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US steps up anti-terror campaign in Yemen: report

Yemen's Shiite rebel leader could be dead: defence ministry
Sanaa (AFP) Dec 27, 2009 - The leader of Yemen's Zaidi Shiite rebels Abdul Malek al-Huthi may have been killed following an air raid last week and buried, a website linked to the defence ministry reported on Sunday. "There are increasing reports of the death of the terrorist Abdul Malek al-Huthi, who suffered serious injuries in an (air) raid," in the northern mountainous province of Saada, according to the website "Information indicates that he was buried in Jebel Talan overlooking the Malahidh near the house of one of the relatives of the Huthi family, Ahmed al-Hadawi," it said. It was not possible to confirm the report with the rebels, as their spokesmen could not be reached on Sunday.

The defence ministry said on December 20 that Huthi had been seriously injured in an air strike. However, a man named Ali, who claimed to be a spokesman for the rebels, described the claim as "baseless." The Yemeni government has been engaged in sporadic fighting with the rebels, also known as Huthis after their leader, since 2004. The latest round broke out on August 11, when government forces launched "Operation Scorched Earth" -- an all-out offensive to stamp out the uprising among the Zaidi Shiite community, a minority in mainly Sunni Yemen but the majority group in the northern mountains. Saudi Arabia joined the fray on 4 November, carrying out strikes on Huthi positions a day after it accused Yemen rebels of killing a Saudi border guard and occupying two villages in Saudi territory.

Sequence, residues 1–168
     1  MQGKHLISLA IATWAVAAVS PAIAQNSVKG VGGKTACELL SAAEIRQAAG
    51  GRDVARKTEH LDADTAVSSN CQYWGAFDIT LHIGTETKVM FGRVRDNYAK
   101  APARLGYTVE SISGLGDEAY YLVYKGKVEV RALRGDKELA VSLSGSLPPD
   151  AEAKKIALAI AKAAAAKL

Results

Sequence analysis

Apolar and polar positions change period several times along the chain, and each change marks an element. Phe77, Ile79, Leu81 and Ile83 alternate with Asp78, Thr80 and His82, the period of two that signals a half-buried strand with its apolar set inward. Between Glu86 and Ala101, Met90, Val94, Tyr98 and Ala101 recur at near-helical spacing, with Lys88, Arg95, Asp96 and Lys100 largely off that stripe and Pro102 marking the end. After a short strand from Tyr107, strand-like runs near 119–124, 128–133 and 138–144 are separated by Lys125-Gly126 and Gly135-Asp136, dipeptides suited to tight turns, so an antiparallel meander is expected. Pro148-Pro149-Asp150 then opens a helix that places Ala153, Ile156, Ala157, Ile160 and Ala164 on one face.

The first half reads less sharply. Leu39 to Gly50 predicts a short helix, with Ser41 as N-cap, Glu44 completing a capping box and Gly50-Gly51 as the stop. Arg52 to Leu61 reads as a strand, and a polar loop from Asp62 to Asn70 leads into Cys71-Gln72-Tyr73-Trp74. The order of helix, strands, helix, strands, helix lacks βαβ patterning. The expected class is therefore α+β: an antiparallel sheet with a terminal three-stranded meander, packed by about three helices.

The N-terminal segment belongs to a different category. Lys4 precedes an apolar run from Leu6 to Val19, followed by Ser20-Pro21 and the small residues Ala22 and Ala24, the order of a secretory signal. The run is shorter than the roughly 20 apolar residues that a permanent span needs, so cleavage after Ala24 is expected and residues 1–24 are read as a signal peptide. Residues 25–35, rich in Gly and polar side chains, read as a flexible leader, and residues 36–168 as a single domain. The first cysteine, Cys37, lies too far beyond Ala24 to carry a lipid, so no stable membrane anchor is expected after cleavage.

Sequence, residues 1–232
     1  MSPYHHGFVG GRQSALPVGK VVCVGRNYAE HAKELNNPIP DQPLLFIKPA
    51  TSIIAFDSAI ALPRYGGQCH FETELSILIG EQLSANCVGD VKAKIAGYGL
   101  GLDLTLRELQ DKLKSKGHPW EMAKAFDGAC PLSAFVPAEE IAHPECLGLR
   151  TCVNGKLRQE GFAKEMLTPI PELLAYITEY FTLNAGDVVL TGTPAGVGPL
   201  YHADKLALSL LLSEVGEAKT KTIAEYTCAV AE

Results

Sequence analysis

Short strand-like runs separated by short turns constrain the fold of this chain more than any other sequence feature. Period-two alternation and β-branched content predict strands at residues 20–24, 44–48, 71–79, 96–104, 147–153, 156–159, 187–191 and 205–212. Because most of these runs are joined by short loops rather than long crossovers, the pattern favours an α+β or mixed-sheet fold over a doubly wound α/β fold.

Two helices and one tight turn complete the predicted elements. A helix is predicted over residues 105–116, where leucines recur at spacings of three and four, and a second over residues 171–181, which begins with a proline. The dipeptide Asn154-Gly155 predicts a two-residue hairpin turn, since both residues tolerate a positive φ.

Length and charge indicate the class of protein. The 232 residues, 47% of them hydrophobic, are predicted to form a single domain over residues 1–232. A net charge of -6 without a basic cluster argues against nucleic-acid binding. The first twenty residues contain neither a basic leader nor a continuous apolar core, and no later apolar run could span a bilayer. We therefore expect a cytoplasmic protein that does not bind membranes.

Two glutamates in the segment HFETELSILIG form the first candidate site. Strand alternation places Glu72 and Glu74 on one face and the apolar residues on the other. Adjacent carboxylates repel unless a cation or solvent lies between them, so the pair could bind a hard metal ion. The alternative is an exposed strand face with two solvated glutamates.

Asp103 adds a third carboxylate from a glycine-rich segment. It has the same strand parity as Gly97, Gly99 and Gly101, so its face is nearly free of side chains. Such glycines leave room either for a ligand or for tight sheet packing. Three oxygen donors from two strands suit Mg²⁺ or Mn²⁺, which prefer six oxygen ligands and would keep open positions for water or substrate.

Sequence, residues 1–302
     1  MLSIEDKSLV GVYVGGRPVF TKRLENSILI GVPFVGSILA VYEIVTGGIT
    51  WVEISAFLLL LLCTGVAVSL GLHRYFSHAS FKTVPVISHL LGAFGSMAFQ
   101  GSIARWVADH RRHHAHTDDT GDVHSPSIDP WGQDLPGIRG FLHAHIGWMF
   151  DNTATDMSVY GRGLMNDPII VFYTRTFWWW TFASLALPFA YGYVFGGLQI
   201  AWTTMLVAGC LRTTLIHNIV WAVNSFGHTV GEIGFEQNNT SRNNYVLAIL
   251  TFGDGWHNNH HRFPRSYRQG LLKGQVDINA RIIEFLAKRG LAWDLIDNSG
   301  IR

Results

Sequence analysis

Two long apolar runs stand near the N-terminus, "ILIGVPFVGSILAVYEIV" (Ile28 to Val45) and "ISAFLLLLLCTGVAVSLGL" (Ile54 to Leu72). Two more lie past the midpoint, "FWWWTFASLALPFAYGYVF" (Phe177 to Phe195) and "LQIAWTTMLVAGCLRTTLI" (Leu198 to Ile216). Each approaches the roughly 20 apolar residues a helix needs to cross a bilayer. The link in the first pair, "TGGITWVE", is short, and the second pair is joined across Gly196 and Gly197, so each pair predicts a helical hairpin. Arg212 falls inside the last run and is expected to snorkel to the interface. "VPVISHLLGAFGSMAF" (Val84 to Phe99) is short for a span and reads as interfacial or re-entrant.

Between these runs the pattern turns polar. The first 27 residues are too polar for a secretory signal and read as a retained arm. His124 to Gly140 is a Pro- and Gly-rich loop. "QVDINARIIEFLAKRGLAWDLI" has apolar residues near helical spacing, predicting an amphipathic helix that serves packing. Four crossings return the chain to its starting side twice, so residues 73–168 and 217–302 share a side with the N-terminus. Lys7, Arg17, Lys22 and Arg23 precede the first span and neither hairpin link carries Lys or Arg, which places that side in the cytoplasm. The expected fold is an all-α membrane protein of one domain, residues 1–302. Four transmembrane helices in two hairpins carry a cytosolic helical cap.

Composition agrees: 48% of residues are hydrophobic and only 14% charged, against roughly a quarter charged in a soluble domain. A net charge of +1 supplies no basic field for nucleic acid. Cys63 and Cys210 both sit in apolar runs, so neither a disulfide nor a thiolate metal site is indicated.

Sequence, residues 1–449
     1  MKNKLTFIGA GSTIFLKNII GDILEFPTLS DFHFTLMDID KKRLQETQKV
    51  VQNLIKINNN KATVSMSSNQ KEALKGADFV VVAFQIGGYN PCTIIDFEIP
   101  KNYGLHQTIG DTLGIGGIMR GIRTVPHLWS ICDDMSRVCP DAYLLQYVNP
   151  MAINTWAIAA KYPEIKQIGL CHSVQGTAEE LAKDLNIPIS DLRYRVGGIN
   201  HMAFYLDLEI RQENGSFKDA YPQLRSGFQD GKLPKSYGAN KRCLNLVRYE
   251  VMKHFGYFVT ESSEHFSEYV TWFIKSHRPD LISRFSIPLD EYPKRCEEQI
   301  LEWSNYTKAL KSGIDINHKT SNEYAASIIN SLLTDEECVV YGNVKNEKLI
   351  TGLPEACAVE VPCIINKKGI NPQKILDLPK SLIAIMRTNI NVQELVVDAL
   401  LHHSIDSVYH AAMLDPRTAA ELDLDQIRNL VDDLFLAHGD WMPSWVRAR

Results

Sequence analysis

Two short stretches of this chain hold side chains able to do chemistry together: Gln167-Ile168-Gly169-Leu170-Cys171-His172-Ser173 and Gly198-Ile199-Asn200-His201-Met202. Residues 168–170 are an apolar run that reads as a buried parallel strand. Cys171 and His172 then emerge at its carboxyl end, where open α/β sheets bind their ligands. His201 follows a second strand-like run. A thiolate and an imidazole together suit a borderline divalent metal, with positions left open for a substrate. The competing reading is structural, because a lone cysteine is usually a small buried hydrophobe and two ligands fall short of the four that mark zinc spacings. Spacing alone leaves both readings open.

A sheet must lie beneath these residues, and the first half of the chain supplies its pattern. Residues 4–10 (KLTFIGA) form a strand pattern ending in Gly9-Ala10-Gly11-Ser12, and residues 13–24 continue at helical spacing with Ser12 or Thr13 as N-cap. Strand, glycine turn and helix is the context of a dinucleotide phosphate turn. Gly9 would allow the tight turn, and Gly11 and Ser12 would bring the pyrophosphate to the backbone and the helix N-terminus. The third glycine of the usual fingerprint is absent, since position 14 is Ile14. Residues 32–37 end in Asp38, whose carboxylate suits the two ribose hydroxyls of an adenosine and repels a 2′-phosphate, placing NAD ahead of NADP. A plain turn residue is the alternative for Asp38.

by Staff Writers
Washington (AFP) Dec 27, 2009
The United States has quietly opened a third, largely covert front against the Al-Qaeda terror network in Yemen, The New York Times reported late Sunday.

Citing an unnamed former top CIA official, the newspaper said that a year ago the Central Intelligence Agency sent many field operatives with counterterrorism experience to the country.

At the same time, some of the most secretive special operations commandos have begun training Yemeni security forces in counterterrorism tactics, the report said.

The Pentagon will be spending more than 70 million dollars over the next 18 months, and using teams of special forces, to train and equip Yemeni military, Interior Ministry and coast guard forces, more than doubling previous military aid levels, the paper noted.

Yemen became the focus of US attention after a Nigerian man, who tried to blow up a Detroit-bound plane on Christmas Day, confessed to training with an Al-Qaeda bombmaker in Yemen, security officials told the US media.

The country has long been a refuge for jihadists, in part because Yemen's government welcomed returning Islamist fighters who had fought in Afghanistan during the 1980s, the report pointed out.

But Al-Qaeda militants have made much more focused efforts to build a base in Yemen in recent years, drawing recruits from throughout the region and mounting more frequent attacks on foreign embassies and other targets, according to The Times.

The White House is seeking to nurture enduring ties with the government of President Ali Abdullah Saleh and prod him to combat the local Al-Qaeda affiliate, Al-Qaeda in the Arabian Peninsula, the paper said.

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